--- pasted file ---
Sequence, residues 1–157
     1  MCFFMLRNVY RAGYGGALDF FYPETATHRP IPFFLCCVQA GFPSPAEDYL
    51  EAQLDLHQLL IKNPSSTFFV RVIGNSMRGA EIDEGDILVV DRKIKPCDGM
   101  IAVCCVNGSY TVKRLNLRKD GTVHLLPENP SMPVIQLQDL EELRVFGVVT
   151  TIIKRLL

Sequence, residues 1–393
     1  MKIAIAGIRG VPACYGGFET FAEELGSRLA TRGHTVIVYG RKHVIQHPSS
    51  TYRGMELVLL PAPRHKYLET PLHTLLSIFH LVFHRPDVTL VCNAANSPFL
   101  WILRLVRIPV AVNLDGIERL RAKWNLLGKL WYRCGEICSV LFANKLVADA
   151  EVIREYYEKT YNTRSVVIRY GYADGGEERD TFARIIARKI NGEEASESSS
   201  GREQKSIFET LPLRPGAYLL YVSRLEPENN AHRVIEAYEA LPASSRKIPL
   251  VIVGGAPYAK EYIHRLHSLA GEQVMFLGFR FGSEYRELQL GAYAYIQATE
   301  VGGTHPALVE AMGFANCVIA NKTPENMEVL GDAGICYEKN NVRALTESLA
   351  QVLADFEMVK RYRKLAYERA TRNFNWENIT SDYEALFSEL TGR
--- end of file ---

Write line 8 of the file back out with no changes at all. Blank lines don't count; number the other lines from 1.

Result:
    51  TYRGMELVLL PAPRHKYLET PLHTLLSIFH LVFHRPDVTL VCNAANSPFL